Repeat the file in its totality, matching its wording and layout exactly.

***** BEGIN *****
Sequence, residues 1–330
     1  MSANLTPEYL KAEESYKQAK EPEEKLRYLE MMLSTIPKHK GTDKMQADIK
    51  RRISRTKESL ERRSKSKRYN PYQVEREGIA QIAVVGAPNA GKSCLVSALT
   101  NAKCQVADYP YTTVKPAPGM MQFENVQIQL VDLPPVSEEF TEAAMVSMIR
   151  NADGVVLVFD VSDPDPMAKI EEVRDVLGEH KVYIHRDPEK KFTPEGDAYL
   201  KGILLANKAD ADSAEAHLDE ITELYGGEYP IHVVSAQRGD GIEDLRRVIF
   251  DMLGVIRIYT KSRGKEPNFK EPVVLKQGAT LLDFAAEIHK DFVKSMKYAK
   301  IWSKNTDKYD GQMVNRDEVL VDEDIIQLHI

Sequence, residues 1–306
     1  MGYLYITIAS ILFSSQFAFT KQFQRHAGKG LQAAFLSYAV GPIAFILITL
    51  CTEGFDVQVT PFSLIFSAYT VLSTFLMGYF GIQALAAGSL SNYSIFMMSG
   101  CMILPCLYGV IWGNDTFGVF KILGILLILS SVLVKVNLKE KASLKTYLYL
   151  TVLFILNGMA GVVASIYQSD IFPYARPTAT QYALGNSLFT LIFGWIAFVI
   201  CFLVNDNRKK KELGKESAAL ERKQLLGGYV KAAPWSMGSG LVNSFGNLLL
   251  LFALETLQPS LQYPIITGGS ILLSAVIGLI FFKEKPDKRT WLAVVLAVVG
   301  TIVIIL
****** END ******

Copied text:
Sequence, residues 1–330
     1  MSANLTPEYL KAEESYKQAK EPEEKLRYLE MMLSTIPKHK GTDKMQADIK
    51  RRISRTKESL ERRSKSKRYN PYQVEREGIA QIAVVGAPNA GKSCLVSALT
   101  NAKCQVADYP YTTVKPAPGM MQFENVQIQL VDLPPVSEEF TEAAMVSMIR
   151  NADGVVLVFD VSDPDPMAKI EEVRDVLGEH KVYIHRDPEK KFTPEGDAYL
   201  KGILLANKAD ADSAEAHLDE ITELYGGEYP IHVVSAQRGD GIEDLRRVIF
   251  DMLGVIRIYT KSRGKEPNFK EPVVLKQGAT LLDFAAEIHK DFVKSMKYAK
   301  IWSKNTDKYD GQMVNRDEVL VDEDIIQLHI

Sequence, residues 1–306
     1  MGYLYITIAS ILFSSQFAFT KQFQRHAGKG LQAAFLSYAV GPIAFILITL
    51  CTEGFDVQVT PFSLIFSAYT VLSTFLMGYF GIQALAAGSL SNYSIFMMSG
   101  CMILPCLYGV IWGNDTFGVF KILGILLILS SVLVKVNLKE KASLKTYLYL
   151  TVLFILNGMA GVVASIYQSD IFPYARPTAT QYALGNSLFT LIFGWIAFVI
   201  CFLVNDNRKK KELGKESAAL ERKQLLGGYV KAAPWSMGSG LVNSFGNLLL
   251  LFALETLQPS LQYPIITGGS ILLSAVIGLI FFKEKPDKRT WLAVVLAVVG
   301  TIVIIL